For most Americans, the word "Egypt" likely conjures two sets of images. First, there are pyramids, mummies and hieroglyphics. Then, there's today's reality of military dictatorship and terrorist attacks. But both the ancients whose faces we see beneath glass in their sarcophagi and our contemporaries are unified by food. In Houston, Galleria-area Dandanah Café & Grill, a hookah bar and brick oven restaurant, is the only place we've found to taste the fusion of ancient and modern history.
Service is inattentive at best (we had to find our waitress and alert her whenever we needed anything and even then, it didn't always happen), and the air inside and outside on the patio can be thick with fruit-flavored shisha, but both are worth braving for the food I tried. It was an effort to choose what to order, though much of the menu is given over to broadly Middle Eastern dishes such as falafel and shawarma.
Yet even focusing on Egyptian fare, there were far too many choices to get a broad view in one visit. I skipped the foule mudammes (stewed fava beans), the hawawshy meat pies and the okra stew with lamb, among others, to make room for what I did try.
Koshary, for example. It's a vegan dish that originated in the 19th century as a way to use up leftovers, so King Tut definitely never tried it. But the feeble boy king would have wished he had—his poorly formed teeth would have had no trouble with the soft, but texturally diverse combination of rice, lentils, chickpeas and elbow macaroni covered in fried onions. It may sound like baby food, but the lightly spiced, garlicky tomato sauce that dresses it and is served on the side, gives it a sophisticated edge that makes it difficult to put down, carb coma be damned.
Tutankhamun, did, however, very likely eat more than his share of molokhia, or stewed mallow leaves (see photo at top). Personally, I'll leave the thin, bland stew, accurately described in Mimi Sheraton's 1,000 Food to Eat Before You Die as "mucilaginous," to the ancients. I can't fault that gooeyness entirely—the plant's root is responsible for another ancient Egyptian recipe: marshmallows.
The chicken that accompanied it, though, was a different—and far more flavorful—matter. Even beneath the skin, it was dyed red with a garlicky, heavily vinegared marinade. A bottle of house "Dandanah sauce" on the side was flecked with chiles and added some heat to the pile of rice pilaf and pickles that came with the dish.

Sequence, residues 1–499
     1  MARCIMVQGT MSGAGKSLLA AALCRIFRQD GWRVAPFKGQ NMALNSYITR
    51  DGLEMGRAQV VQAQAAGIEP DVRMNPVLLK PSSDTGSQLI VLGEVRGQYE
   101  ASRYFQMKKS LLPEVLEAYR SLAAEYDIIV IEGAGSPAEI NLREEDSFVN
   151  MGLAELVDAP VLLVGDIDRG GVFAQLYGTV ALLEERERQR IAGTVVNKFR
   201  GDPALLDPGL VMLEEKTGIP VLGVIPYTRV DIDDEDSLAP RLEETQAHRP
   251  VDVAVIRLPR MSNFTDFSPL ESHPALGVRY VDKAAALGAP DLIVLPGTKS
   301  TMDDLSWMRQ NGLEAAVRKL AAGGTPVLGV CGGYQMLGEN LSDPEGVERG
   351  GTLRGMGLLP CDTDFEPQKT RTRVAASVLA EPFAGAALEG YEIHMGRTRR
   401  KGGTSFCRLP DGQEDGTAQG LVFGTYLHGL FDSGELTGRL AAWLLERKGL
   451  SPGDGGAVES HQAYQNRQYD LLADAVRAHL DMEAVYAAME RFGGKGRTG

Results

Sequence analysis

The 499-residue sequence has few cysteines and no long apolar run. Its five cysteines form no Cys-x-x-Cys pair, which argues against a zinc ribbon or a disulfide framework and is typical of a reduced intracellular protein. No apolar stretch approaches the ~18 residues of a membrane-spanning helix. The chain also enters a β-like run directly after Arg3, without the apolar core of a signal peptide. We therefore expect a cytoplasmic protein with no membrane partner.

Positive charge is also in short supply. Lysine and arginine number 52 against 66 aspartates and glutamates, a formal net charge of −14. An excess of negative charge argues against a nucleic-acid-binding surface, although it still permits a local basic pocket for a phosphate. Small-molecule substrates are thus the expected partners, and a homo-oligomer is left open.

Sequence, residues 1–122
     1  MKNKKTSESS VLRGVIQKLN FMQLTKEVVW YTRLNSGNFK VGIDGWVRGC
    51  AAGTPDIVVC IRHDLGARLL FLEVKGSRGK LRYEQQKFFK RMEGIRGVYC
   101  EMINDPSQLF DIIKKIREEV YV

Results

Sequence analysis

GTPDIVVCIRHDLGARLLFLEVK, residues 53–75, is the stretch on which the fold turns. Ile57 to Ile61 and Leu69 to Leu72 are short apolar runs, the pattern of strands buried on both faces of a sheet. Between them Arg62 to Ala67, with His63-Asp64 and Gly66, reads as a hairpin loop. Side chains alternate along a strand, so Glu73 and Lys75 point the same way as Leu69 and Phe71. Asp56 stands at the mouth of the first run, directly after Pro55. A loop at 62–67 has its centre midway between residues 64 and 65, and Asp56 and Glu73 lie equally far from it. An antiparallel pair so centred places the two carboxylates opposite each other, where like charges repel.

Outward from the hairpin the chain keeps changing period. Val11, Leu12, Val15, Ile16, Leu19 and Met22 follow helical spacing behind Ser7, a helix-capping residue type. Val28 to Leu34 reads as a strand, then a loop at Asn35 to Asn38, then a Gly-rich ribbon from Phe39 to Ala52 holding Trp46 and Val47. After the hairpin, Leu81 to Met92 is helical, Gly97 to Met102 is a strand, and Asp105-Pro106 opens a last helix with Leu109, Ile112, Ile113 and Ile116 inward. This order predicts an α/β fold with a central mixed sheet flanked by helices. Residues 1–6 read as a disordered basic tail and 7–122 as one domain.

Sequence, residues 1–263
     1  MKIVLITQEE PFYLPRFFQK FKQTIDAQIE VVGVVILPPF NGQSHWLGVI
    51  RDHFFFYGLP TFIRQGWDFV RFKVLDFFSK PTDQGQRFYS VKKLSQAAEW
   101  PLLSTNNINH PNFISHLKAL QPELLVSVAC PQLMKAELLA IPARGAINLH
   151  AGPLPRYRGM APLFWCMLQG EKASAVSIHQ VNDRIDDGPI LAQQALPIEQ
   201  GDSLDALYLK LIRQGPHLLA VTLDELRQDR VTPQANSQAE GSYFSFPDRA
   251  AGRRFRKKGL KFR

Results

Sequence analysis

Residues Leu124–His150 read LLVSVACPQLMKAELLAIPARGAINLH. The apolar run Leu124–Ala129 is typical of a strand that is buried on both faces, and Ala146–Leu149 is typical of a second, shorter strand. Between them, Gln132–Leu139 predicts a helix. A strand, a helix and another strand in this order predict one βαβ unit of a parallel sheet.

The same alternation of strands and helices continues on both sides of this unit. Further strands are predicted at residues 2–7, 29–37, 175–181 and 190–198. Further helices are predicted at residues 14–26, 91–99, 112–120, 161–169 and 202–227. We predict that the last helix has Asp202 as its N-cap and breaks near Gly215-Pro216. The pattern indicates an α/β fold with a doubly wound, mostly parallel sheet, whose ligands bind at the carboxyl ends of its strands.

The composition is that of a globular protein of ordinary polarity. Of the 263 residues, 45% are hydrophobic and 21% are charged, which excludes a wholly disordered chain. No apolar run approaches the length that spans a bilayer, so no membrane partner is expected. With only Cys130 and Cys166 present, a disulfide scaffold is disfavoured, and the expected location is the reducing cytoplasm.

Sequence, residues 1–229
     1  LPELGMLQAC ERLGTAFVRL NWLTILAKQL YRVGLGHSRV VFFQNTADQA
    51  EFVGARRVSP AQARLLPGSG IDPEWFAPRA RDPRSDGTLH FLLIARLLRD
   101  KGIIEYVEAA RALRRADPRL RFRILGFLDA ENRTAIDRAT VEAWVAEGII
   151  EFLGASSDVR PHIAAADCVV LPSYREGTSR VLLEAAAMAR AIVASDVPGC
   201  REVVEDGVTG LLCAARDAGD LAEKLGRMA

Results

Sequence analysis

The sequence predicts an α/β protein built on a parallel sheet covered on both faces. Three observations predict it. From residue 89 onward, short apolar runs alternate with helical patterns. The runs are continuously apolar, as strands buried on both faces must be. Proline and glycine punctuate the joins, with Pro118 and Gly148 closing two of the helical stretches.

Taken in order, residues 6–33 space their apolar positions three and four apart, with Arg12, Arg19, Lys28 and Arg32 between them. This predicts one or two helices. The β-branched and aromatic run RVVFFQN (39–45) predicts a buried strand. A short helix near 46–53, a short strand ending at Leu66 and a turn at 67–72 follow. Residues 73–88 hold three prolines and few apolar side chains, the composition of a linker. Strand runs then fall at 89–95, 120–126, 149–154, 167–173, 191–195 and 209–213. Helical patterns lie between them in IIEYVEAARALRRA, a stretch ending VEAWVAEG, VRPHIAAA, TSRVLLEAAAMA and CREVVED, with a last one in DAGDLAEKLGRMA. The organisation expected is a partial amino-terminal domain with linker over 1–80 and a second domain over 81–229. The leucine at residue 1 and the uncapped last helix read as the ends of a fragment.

But the mixed successes of the entrées was quickly overshadowed by the splendor of dessert. A brick oven provides Dandanah with both a literal and spiritual hearth from which many of the restaurant's dishes emerge. But the section on the menu worth noting is labeled "King Tut Pizza." That means feteer or feteera, a flaky pastry that some historians claim may have inspired the croissant. It certainly made its way to the island of Malta, where the pies blended with pizza to become flaky, stretchy ftira.
Dandanah serves both sweet and savory versions, and I'll be back to try the pasterma version. But I'll also order the sweet feteera again. The buttery dessert is filled with a thin layer of custard that gives the center a pleasant squoosh with each bite. Almonds and coconut provide texture and nutty flavor, while a dusting of powdered sugar is just sparse enough to sweeten the combination without becoming saccharine.
It's a dish that's inspired others around the world, but feteera is worth trying, trying again and obsessing over in its purest form. As a dessert, I think its time has come. I'm calling for bakers to repopularize it as in the recent vogue for the Breton kouign amann. Feteera is ready for its sweet moment.